Advance Review: Invincible Universe #5
After a lackluster #4, Invincible Universe is back in a big way. #5 might be the best issue of the series to date.
Phil Hester balances super heroics and politics this month, and it works quite well. Politics and super heroes are always a tough thing to balance, but Hester throws the Guardians of the Globe into the thick of things and it works very well. Hester doesn’t spend to much time on the intricacies of politics thankfully. He gives a quick description of the red tape and moves on. Long time readers will know I was not happy with the Dinosaurus arc in Invincible #100. It was quick, and quickly made meaningless. But Hester uses the ramifications in a way I wish Robert Kirkman had. In Invincible, it seems like nothing has changed, and that killing all those people didn’t affect the normal person. Hester shows how it affects the little person. I liked the addition of someone robbing a bank with an endangered species, as it makes the Guardians think before they hit. Not that the team has been all action and no thinking, but it’s refreshing to read compared to Marvel and DC.
One thing that has been plaguing the Invincible books lately is the reference to past stories. It’s not necessarily bad that they are doing this, but not explaining anything and using an editor’s note seems lazy. Incorporate some backstory into everything that is going on. Cecil’s new assistant would be good person for Cecil to explain too. As someone who hasn’t read the previous volumes of Guardians of the Globe, some type of explanation would have been nice. The history of North Korea is used as a villain instead of this crazy General. He’s silent throughout the entire issue, so it’s quite hard to find him menacing. But Hester still has time to develop him into a proper villain in this series, so it’s not as big of a deal.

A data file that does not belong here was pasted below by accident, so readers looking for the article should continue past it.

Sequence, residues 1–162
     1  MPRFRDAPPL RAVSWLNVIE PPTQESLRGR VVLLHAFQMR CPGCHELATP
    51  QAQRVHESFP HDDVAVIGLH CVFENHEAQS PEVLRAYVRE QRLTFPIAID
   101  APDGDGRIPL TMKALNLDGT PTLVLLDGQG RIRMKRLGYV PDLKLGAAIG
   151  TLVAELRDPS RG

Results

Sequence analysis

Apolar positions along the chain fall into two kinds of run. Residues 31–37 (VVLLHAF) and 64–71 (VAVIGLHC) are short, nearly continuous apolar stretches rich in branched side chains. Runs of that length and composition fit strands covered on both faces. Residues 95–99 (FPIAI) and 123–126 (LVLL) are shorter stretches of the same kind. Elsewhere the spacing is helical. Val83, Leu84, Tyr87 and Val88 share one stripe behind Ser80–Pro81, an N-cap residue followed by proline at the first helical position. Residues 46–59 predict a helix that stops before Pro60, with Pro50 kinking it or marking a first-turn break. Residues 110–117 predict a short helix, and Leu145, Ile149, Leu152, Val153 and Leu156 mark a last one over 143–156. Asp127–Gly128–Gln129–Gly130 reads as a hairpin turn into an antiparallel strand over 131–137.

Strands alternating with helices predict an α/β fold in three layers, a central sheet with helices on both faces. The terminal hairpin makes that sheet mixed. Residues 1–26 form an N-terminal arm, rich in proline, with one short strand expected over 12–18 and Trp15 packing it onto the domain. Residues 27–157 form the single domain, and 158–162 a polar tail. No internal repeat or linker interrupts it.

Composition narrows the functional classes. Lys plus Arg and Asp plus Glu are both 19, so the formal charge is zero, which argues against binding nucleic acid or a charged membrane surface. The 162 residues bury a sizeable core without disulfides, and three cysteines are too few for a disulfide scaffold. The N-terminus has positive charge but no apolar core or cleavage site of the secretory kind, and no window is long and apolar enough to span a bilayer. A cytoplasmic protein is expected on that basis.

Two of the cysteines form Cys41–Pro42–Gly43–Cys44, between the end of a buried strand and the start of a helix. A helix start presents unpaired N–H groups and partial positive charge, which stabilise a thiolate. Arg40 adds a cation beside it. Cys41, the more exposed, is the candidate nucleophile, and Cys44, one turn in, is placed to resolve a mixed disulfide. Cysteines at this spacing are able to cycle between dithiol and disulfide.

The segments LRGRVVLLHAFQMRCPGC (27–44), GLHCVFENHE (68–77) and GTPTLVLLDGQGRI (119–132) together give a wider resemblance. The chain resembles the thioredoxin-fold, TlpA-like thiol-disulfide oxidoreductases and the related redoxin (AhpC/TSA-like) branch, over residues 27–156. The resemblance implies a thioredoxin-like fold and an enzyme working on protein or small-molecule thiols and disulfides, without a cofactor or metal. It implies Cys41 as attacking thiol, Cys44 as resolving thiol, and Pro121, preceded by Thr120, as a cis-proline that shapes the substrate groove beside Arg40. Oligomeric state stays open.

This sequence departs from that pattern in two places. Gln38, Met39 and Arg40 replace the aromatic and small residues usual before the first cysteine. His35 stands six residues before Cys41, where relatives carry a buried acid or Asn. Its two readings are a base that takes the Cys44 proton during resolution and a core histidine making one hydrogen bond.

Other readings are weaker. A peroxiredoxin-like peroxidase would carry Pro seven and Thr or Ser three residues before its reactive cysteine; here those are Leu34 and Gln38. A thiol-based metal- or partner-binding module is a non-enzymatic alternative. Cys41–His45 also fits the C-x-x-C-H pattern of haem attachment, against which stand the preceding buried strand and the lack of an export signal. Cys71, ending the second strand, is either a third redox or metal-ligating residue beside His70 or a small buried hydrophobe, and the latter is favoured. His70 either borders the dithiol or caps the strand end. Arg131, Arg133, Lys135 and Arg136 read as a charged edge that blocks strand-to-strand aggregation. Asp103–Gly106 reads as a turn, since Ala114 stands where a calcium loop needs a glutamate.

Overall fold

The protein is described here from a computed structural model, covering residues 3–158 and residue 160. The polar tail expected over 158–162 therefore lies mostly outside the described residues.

Todd Nauck continues to be one of the most consistent artists in the industry. Whenever he pencils an issue, you know you are going to get quality pencils. Characters are expressive, and Nauck adds quite a bit of detail to the surroundings. My usual complaint with his pencils, that every male character looks similar, doesn’t factor into this issue surprisingly. Characters are diverse in appearance, and can easily be picked out of a crowd. Without the Korean soldiers saying his name, I could tell that was Best Tiger being electrocuted in the chair. Shapesmith’s scene is quite weird to look at, but perfectly captured.
Invincible Universe continues to be a great title, and is getting close to being the best of the two Invincible titles.
Invincible Universe #5 gets 4/5.
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